Patty in the News

Sen. Patty Murray has always drawn a distinction between war and the men and women who fight it. When the Washington state Democrat was one of just 23 senators to vote against launching the Iraq War in 2002, she said she'd support U.S. troops "whenever their commander in chief sends them ... not only during the conflict but afterward." And as a 22-year-old intern in the summer of 1972, Murray spent her days doing physical rehabilitation on just-returned Vietnam veterans in the psychiatric ward of the Seattle veterans' hospital.

- McClatchy
Energy conservation efforts by local governments and businesses could be an example for cities across the United States, Sen. Patty Murray said after a Wednesday briefing. Officials convened by Spokane Mayor Mary Verner discussed the early results of an energy audit program launched last spring, and pending changes in the city’s recycling program... Support for the program comes from the Department of Energy’s Energy Efficiency and Conservation Block Grant program, funded by federal stimulus money.

- Spokesman-Review
Congress this month refined and expanded the Post-9/11 GI Bill in ways that should benefit more Iraq and Afghanistan war veterans and, at the same time, deliver a boost to the national economy. In a press release hailing the changes in the 2009 GI Bill, Sen. Patty Murray, D-Wash., explained: "This new package makes it easier for some veterans to use their benefits to pay for tuition at public and private universities, and others who want to enroll in training programs that will place them directly in the workforce, helping us get our economy back on track.

- Longview Daily News
When Sen. Patty Murray, D-Wash., spoke on the Senate floor in favor of repealing the ban on openly gay service members, she had Margaret Witt in mind. Witt, an Air Force flight nurse from Spokane who was discharged in 2004 for being a lesbian, recently won a landmark court order for reinstatement. "Major Witt is a true hero, and her commitment to our country should be recognized and honored," Murray said. "But she should never have been put in this position.

- Seattle Times
Amid increasing speculation that EADS North America will win the U.S. Air Force's $35 billion aerial refueling tanker contract, Boeing-friendly senators Wednesday called for forcing the Pentagon to account for illegal subsidies in the competition. A World Trade Organization panel ruled earlier this year that European nations illegally subsidized Airbus programs, including the A330, which is the basis for EADS North America's proposed KC-45 tanker. A separate WTO panel found in a confidential interim ruling that Boeing also received illegal subsidies, although those were reportedly much less than those that Airbus got.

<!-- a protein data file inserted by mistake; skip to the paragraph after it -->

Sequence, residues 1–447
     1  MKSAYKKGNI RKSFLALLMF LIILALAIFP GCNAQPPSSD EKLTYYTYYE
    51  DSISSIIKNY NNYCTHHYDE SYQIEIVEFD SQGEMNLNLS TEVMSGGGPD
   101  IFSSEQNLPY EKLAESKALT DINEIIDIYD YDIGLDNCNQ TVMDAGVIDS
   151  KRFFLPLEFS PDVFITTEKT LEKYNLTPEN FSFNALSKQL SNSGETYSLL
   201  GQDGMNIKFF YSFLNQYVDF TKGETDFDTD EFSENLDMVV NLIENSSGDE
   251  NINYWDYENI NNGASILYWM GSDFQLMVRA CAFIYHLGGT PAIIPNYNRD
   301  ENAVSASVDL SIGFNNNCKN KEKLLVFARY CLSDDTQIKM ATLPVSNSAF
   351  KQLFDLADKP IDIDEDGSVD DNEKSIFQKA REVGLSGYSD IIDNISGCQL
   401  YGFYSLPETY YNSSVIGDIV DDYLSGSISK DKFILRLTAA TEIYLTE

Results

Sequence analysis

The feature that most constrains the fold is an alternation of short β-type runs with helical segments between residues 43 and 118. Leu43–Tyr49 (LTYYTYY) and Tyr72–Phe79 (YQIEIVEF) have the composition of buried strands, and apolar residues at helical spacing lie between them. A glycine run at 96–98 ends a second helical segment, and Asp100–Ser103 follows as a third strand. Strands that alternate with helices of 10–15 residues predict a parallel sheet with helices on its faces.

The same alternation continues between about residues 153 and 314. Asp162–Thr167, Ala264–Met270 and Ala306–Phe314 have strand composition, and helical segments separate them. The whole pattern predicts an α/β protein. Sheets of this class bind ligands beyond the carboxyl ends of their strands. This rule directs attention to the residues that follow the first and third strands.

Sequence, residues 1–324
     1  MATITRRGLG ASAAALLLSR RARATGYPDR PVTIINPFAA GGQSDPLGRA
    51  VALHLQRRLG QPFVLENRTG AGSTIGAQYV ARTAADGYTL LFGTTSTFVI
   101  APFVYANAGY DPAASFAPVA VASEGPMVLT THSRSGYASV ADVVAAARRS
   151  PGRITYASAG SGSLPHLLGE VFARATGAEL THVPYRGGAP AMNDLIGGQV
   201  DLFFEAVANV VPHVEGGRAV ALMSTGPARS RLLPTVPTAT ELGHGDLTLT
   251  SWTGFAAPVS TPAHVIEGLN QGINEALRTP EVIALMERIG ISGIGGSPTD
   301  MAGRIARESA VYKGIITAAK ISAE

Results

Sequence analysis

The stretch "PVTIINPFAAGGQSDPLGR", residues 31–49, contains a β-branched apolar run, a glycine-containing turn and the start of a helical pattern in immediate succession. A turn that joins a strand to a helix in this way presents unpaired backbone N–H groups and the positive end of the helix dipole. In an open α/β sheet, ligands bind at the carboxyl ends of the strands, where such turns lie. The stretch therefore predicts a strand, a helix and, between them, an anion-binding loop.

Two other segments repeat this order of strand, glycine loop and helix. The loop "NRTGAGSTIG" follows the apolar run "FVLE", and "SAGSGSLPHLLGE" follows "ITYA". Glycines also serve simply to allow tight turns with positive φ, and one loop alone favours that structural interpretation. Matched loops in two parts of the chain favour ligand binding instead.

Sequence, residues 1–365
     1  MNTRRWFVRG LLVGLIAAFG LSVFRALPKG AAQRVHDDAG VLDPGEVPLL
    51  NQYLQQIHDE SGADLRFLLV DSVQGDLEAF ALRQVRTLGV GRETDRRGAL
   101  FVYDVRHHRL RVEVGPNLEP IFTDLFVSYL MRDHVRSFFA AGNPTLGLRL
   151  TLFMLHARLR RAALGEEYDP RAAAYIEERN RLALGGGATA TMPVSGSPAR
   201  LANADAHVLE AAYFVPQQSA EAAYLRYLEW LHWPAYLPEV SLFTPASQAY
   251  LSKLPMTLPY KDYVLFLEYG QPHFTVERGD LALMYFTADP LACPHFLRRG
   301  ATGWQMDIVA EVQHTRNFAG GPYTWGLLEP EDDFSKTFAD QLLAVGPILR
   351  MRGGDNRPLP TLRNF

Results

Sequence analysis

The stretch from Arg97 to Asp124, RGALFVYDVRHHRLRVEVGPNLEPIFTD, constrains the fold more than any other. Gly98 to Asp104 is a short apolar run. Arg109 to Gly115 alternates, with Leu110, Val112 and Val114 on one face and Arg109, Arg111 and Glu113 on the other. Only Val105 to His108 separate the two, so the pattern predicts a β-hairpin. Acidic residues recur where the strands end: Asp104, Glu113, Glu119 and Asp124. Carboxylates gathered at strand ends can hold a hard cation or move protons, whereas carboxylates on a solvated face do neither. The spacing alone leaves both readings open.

Almost from the moment Everett was chosen in 1984 to host a Navy homeport, it was widely believed the aircraft carrier USS Nimitz would be its centerpiece. Destiny took its time. Nearly 27 years after the announcement that Naval Station Everett would be built, the Nimitz will steam into its new home on Port Gardner Bay a year from now. It will be welcomed with the enthusiasm and warmth that has come to define Snohomish County's relationship with the Navy and its families.

- Everett Herald
Sen. Patty Murray, D-Wash., specifically mentioned Curtis’ plight in a speech Tuesday on the Senate floor. “These programs aren’t extravagant, but for so many workers they have made all the difference,” Murray said. “Workers like Judy Curtis, a woman from Mill Creek, Washington, who wrote to my office urging me to do everything I could to reauthorize the program.”

- HeraldNet
U.S. Transportation secretary Ray LaHood said Wednesday that Democratic Sen. Patty Murray made a "tough vote" but the "right vote to put people back to work" with the Obama administration's stimulus bill last year.

- SeattlePI
Bellevue-based Ramgen Power Systems will receive a $30 million grant from the Department of Energy to further develop the company's Supersonic Shock Wave Compression and Engine Technology.

- Bellevue Reporter
Years of debating and planning came to an end Wednesday when golden shovels dug into the soil of the biggest development project in Vancouver’s history. Elected officials including Sen. Patty Murray, Congressman Brian Baird and Vancouver Mayor Tim Leavitt broke ground on the $44.6 million waterfront access project.

- The Columbian